LIMB . (I) (In O . Eng . Lim, cognate with the O . Nor. and Icel. limr, Swed. and
See also:Dan . Lem; probably the word is to be referred to a
See also:root li- seen in an obsolete
See also:English word " lith," a limb, and in the Ger . Glied), originally any portion or member of the
See also:body, but now restricted in meaning to the
See also:external members of the body of an animal apart from the
See also:head and trunk, the legs and arms, or, in a
See also:bird, the wings . It is sometimes used of the
See also:lower limbs only, and is synonymous with "
See also:leg." The word is also used of the
See also:main branches of a
See also:tree, of the projecting spurs of a range of mountains, of the arms of a
See also:cross, &c . As a
See also:translation of the
See also:Lat. membrum, and with
See also:special reference to the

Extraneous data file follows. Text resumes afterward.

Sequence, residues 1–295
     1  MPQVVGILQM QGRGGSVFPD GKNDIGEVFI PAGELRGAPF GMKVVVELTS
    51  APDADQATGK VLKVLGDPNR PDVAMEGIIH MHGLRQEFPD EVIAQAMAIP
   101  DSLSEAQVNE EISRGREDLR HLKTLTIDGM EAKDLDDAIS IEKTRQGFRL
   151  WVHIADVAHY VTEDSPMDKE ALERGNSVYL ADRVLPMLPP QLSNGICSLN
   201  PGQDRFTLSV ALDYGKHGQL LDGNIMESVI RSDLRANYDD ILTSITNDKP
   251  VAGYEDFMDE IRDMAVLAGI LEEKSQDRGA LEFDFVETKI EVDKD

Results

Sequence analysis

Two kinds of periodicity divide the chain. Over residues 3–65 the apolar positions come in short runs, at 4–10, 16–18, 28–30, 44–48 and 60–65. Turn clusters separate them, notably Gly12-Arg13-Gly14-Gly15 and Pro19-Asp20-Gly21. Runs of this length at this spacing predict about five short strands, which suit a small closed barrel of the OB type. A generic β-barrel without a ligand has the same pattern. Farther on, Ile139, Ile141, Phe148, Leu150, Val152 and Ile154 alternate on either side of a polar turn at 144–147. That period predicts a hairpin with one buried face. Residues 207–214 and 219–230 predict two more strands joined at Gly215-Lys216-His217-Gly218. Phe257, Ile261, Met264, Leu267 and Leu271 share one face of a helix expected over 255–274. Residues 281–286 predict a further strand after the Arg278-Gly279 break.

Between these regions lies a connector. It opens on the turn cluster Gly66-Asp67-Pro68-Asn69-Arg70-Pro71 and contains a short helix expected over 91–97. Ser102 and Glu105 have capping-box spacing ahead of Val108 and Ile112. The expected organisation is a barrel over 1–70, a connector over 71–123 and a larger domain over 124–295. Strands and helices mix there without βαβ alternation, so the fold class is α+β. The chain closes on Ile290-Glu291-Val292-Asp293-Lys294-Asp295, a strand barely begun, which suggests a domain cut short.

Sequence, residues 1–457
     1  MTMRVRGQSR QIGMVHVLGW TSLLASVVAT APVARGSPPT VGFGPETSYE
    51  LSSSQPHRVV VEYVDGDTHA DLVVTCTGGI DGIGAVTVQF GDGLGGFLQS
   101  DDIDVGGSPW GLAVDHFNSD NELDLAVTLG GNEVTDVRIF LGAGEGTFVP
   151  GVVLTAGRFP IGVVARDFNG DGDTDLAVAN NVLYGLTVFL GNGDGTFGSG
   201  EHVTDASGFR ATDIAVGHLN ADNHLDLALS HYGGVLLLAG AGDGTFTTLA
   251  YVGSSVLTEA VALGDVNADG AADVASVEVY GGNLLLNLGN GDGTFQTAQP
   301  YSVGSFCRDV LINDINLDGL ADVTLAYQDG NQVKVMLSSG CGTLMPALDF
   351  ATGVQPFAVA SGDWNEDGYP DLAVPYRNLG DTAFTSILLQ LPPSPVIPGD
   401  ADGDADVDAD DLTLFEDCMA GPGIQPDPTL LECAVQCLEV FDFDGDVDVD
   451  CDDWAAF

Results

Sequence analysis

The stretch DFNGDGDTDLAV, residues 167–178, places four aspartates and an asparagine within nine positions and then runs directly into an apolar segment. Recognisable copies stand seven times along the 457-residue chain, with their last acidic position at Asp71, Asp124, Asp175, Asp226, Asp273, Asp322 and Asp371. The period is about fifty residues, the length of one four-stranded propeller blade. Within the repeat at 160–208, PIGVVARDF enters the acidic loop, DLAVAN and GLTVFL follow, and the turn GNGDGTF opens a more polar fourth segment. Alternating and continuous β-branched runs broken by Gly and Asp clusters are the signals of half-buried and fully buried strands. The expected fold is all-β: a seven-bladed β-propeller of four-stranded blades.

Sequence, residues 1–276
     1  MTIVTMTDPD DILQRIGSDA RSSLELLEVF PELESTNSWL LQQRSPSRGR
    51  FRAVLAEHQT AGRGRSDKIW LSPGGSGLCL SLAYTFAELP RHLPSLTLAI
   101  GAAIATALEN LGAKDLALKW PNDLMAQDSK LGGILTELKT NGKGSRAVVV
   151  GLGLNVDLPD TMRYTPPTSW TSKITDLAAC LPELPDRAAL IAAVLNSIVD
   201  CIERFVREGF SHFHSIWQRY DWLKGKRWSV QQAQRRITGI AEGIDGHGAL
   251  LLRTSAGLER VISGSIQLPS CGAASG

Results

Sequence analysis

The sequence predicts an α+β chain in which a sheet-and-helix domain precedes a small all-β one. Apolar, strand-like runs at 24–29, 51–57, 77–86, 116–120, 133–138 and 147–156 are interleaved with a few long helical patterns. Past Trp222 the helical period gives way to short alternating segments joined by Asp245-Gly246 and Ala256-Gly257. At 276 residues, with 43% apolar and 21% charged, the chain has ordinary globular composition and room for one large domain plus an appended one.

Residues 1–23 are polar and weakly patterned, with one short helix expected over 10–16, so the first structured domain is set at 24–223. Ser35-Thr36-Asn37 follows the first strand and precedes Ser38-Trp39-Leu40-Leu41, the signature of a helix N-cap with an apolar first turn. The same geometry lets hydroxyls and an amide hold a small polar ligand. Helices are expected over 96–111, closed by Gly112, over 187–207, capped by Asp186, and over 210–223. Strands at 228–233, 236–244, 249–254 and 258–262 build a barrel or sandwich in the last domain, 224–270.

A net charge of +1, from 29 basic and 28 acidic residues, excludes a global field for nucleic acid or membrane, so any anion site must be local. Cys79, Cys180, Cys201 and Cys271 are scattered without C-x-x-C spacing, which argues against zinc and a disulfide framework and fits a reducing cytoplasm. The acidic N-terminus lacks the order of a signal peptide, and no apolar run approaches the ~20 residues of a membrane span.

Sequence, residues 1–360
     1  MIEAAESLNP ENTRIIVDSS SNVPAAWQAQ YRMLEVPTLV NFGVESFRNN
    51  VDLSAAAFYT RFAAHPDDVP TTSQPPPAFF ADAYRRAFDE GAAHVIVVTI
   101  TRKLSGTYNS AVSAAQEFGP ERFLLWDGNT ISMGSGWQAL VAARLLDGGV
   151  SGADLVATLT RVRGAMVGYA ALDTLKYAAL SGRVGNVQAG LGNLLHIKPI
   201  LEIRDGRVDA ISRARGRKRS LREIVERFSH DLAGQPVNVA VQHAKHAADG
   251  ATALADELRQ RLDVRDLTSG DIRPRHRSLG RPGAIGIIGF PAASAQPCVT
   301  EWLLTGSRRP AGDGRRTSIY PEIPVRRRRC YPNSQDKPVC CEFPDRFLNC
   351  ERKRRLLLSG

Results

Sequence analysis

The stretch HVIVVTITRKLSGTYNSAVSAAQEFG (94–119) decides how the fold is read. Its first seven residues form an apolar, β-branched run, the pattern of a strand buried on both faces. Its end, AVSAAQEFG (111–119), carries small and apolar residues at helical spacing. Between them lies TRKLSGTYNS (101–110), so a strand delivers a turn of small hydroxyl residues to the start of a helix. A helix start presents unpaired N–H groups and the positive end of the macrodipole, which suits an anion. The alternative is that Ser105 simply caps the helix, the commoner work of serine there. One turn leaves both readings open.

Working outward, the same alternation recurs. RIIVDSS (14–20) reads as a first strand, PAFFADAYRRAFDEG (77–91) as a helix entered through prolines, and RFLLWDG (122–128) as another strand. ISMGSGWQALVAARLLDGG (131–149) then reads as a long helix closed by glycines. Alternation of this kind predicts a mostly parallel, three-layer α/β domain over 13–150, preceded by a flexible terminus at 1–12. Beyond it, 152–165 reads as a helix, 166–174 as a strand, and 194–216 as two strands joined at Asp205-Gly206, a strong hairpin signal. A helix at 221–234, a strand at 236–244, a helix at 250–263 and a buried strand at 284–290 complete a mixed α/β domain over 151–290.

See also:church as the " body of Christ," " limb " was frequently used by ecclesiastical writers of the 16th and 17th centuries of a
See also:person as being a component
See also:part of the church; cf. such expressions " limb of Satan," "limb of the
See also:law," &c . From the use of membrum in
See also:medieval Latin for an
See also:estate dependent on another, the name " limb" is given to an outlying portion of another, or to the surbordinate members of the Cinque Ports, attached to one of the
See also:principal towns;
See also:Pevensey was thus a "limb " of Hastings . (2) An edge or border, frequently used in scientific language for the boundary of a
See also:surface . It is thus used of the edge of the disk of the
See also:sun or
See also:moon, of the
See also:expanded part of a petal or sepal in botany, &c .
This word is a shortened
See also:form of " limbo " or " limbus," Lat. for an edge, for the theological use of which see LIMB US .
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